Hydraulic Tube Bender Comparison Guide

Posted on Sep 16, 2020

Hydraulic Tube Bender

In the manufacturing and metal processing industries, hydraulic tube benders are required to achieve precise bending without wrinkles. You can set the desired bending angle and create accurate elbows. These hydraulically driven bending tools provide you with different sockets so that you can produce electrical or metal pipes that are bent to the desired angle.

Whether you need to bend metal pipes, tubes, or rigid metal conduits, hydraulic tube benders are your ideal tool. But what type of pipe bender do you need? The answer depends on what you want to bend. In this article, we will take a look at different types of benders as well as how to operate a manual model.

Pipe, Tube, and Conduit Benders

Though these terms are often used interchangeably, they are actually different from each other. The bending tools for tubes and pipes are also different. Therefore, it is suggested that one should know the differences between tubes, pipes, and conduits before processing them.

Pipe Bender

So how do pipes differ from tubes? A pipe is determined by referring to its inner diameter (ID) vs. its outer diameter, and its wall thickness. A pipe is round and has walls usually thicker than a drain. The purpose of piping is usually to transmit liquids or fluid inside a system or between systems.

Fig. 1 Pipes


Tube Bender

A tube bender forms tubing and uses mostly the same method as a bender for pipes. And how do tubes differ from pipes? A tube is defined by its outer diameter (OD) and wall thickness because it is used in structural, medical, or pressure applications. They can have round, rectangular, or square cross-sections.

Fig. 2 Tubes


Conduit Bender

A conduit bender is built to bend angles in the conduit, a tube through which electrical wiring is performed. It is necessary to understand the difference between a pipe and a tube to select a compatible bender and die, a former or bender roller of the right size. Conduit benders are used primarily to bend rigid metal conduits.

Fig. 3 Electrical Conduits

Hydraulic, Electric, Manual, and Mechanical

The four most common types of pipe benders are hydraulic, electric, manual, and mechanical. The hydraulic unit is extremely durable and strong and can produce precise angles with thick walls in large pipes. Electric pipe benders have electric gear drives and are usually programmable, making them ideal for producing multiple iterations of the same bend.

Manual pipe benders are cheap, easy to transport and manipulate, and can complete many bending tasks with sufficient elbow grease. Manual bending is an art form. It requires some skill but allows you to make custom shapes. In terms of bending angles, mechanical models are somewhere in-between hydraulic and manual.


The highly versatile hydraulic bender can be used in many fields, from automotive to interior design. Some examples of finished products that can be produced using 1 to 12 axis pipe benders, depending on the degree of automation required. Some of the applications include:

  • Hydraulic connections and systems

  • Fuel pipes for diesel motors

  • Motorbike and scooter accessories

  • Iron, steel, and aluminum furnishings and accessories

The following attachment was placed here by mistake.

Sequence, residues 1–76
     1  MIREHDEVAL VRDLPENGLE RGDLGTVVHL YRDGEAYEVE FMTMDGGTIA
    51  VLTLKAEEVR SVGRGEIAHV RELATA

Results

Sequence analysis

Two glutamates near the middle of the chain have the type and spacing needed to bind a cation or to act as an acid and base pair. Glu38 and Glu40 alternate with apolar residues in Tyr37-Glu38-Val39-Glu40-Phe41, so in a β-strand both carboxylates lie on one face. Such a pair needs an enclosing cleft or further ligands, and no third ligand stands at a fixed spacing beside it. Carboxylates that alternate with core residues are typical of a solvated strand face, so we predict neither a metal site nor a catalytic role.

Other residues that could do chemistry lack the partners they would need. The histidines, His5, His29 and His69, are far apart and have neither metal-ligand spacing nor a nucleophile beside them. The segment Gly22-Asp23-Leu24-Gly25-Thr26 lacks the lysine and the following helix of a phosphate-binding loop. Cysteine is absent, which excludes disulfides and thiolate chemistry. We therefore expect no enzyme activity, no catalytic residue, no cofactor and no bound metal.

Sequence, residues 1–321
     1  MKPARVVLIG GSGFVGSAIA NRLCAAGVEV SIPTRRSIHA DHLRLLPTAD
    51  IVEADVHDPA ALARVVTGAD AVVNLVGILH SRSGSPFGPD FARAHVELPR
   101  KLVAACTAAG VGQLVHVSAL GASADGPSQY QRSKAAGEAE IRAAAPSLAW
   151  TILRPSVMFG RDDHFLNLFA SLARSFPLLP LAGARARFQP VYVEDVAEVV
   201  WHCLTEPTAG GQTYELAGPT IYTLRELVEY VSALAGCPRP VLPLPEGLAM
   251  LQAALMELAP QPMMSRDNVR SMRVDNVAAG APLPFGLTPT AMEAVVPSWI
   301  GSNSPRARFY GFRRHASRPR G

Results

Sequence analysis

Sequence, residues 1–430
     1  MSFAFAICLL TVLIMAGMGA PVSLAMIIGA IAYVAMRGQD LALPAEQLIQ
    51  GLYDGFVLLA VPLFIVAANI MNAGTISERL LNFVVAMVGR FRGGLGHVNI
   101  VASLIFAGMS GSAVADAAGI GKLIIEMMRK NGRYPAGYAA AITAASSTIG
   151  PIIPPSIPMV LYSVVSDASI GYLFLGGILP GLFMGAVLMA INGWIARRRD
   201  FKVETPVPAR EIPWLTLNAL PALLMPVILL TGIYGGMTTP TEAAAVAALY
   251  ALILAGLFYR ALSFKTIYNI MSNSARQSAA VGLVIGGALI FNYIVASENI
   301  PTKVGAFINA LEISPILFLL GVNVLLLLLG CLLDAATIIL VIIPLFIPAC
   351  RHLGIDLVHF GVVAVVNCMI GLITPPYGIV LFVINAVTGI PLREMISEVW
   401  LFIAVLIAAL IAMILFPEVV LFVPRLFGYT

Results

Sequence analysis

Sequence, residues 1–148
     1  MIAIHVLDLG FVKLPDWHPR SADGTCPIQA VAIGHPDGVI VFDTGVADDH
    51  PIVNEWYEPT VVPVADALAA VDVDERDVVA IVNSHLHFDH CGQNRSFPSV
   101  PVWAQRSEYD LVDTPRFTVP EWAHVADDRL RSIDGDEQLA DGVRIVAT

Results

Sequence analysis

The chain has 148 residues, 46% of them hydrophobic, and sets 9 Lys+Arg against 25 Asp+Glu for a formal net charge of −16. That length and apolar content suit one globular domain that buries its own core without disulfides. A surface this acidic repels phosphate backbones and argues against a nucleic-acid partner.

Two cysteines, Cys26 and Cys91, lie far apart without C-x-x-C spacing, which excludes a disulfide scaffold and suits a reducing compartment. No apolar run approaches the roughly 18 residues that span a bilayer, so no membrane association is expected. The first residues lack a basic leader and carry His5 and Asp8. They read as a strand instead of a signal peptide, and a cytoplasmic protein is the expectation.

• Furnishings for shops, office buildings, hospitals, etc.

  • Children's playgrounds & gym equipment

  • Exhausts

  • Handles

  • Equipment for the food industry


How to Operate a Manual Hydraulic Tube Bender?

Manual benders are a relatively simple tool that can provide precise and reliable bends on various pipes including copper, steel, and aluminum-based pipes. Although there are many automatic pipe benders, they are bulky and not suitable for field applications where proper power connections may not be available. The following are the main steps to operate a hydraulic tube bender:

Hydraulic and Manual Pipe Benders, Prisma ECC


Set Up Your Bender

All manual benders have a limit to the pipe size that they can effectively bend. The limit varies depending on the material, cross-section, and thickness of the tube. The adjustment dial needs to be set based on the radius and bend degree you need in the tube. Another factor is whether you can use a vise or not. Most manual benders can be fitted with a vise. If you want to bend thicker-walled pipes, you will need one.

Mark Bend Directions & Reference Points

Since you may make multiple bends on a single test tube, you should mark your test tube with a longitudinal line for reference. The line should always stay in the direction opposite to the direction of bending to be achieved. The reference and measurement marks on the test tube will ensure that you get the results you need and can monitor your progress.

Align & Insert the Tube into the Bender

You must swing one of the two bending arms up to insert the tube into the bending mold while ensuring that the reference mark is always visible. After inserting the tube, the latch mechanism can usually be used to lower the second arm to hold the tube in place while making minor adjustments.

Start the Bending Process

You can start the bending process by firmly holding the roller support arm and lowering it until the required degree mark is reached on the bending mold. You should note that most pipes tend to have a certain degree of rebound after bending. Copper pipes typically have lower strength compared with steel pipes.

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